In our last ‘Natural Hair Essentials’ segment, I discussed Castor Oil. This week, I will be highlighting the wonders of Olive oil for the hair.
Prior to deciding to go natural, the only experience I’d had with Olive oil and hair was the Organic Root Stimulator Olive Oil Sheen Spray. When I was relaxed, I used to spray it onto my scalp, as opposed to greasing my scalp, as well as sprayed to add sheen to my hair. At 15 months into my transition, I incorporate Olive Oil into most every product I use. Olive oil is a versatile product that can be used in cooking as well as skin and hair care maintenance.
The olive tree originated in Asia, and has been cultivated for over 3,000 years in Mediterranean countries, where much of the olive crop is used to make olive oil. Olives are pitted and ground to a thick pulp, then pressed to remove the juices, which are placed in a centrifuge (an object that rotates around a fixed axis) to separate the water from the oil. In countries where olive oil is consumed extensively, such as Greece, Italy and Spain, there is a low incidence of cardiovascular diseases. Olive oil is rich with natural fats, making it perfect for nourishing dry and chapped skin organically.
The oil can be used to:
- Help for the digestive tract
- Relieve constipation
- Lower blood cholesterol
- Moisturize skin and hair
- Promote a healthy heart
- Prevent hair loss
There are three type of olive oil: virgin, extra virgin, and pure. These relate to the olive’s first, second, and third press to excrete oil. For hair treatments, pure olive oil will do the trick.
A few months go, I decided that I wanted to make an oil infusion. For me, this including infusing Rosemary, an herb known for it’s hair growth properties, with Olive Oil. For those unfamiliar with infusing in general, we can think of this as the science of flavoring the oil. There are two simple methods for doing an infusion—hot and cold. Be sure to begin with a light, tasteless oil, like safflower or canola, (we can also refer to these as carrier oils).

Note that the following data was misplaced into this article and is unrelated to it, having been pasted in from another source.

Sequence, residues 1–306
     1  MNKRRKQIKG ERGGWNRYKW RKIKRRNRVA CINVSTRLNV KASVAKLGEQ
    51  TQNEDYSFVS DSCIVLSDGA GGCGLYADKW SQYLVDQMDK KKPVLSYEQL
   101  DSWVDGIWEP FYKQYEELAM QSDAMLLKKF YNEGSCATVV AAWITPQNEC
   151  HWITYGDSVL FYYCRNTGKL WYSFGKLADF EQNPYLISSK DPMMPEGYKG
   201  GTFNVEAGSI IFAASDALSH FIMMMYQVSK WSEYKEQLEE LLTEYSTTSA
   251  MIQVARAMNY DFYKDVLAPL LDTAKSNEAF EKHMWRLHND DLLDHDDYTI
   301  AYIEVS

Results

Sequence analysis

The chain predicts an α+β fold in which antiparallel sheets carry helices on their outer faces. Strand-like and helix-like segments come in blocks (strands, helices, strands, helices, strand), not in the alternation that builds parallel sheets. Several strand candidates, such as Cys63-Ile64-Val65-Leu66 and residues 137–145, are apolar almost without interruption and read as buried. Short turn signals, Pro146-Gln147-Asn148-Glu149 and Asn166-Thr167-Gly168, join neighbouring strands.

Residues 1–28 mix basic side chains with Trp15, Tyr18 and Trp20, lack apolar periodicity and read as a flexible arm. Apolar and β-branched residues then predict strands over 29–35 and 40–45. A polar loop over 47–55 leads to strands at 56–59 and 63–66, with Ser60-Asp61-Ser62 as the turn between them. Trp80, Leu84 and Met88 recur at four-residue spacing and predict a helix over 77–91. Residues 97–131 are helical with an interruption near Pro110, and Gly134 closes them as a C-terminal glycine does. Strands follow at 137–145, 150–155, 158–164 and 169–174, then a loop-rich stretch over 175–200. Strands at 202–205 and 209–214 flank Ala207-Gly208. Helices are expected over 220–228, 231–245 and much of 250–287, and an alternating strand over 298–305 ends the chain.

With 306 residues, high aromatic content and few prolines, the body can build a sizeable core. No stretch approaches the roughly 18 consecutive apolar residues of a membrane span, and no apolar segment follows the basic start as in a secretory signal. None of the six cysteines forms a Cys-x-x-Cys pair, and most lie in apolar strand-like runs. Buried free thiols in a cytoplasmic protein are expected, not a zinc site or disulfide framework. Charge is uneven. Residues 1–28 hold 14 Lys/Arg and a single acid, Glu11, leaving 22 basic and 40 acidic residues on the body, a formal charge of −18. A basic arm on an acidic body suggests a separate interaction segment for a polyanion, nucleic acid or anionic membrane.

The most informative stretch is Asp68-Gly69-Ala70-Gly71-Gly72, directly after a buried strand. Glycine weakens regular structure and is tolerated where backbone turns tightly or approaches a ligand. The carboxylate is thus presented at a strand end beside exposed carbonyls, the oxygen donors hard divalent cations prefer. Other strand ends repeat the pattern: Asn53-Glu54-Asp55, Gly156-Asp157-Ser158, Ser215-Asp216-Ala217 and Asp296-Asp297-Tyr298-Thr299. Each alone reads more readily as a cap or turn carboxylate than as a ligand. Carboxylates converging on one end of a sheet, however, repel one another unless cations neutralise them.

Hot Oil Infusions: This method infuses the oil quickly, so you can use it soon after you’ve made it. By only heating half the oil initially, you won’t waste the whole lot if you accidentally burn it. This process requires heating the oil and any herbs on the stove. Use a thermometer to heat the oil to 140° F, stirring constantly, over medium heat, until the spices start to sizzle and the oil bubbles. Turn off the heat and allow the mixture to cool. Add the remaining plain oil to the flavored oil, straining through a cheesecloth. Bottle the oil and store them in the refrigerator. It will keep up to 2 months (if made with olive oil, 1 month).
Cold Infusions: This method is simpler than the hot infusion, but takes longer. After bruising the herbs, place them in a jar (with a tight cap). Pour the oil (warm or room temperature over herbs and cover and close the container tightly. Place in a dark cabinet or corner for 2-6 weeks, shaking at least once a week. The longer the mix is left, the stronger the infusion. When ready to use, strain the oil using cheesecloth.
I decided to make a Coconut Rosemary Olive Oil cold infusion. Using one cup of Rosemary sprigs, 2 cups of coconut oil, and 2 cups of Olive oil, I made my infusion by allowing the mixture to sit in a dark cabinet for the full six weeks, shaking weekly. I have used this Oil for numerious purposes such as Pre-Pooing, adding to conditioners, shampoos, and deep conditioners, scalp massages, shea butter creams…I’ve even added a bit of to my leave-in conditioner.
My name is Lillian Mae, and I’m an Olive Oil junkie.
How do you use Olive Oil?
Add the remaining plain oil to the flavored oil, strain through a cheesecloth if necessary, put the oil in bottles and store them in the refrigerator. It will keep up to 2 months (if made with olive oil, 1 month).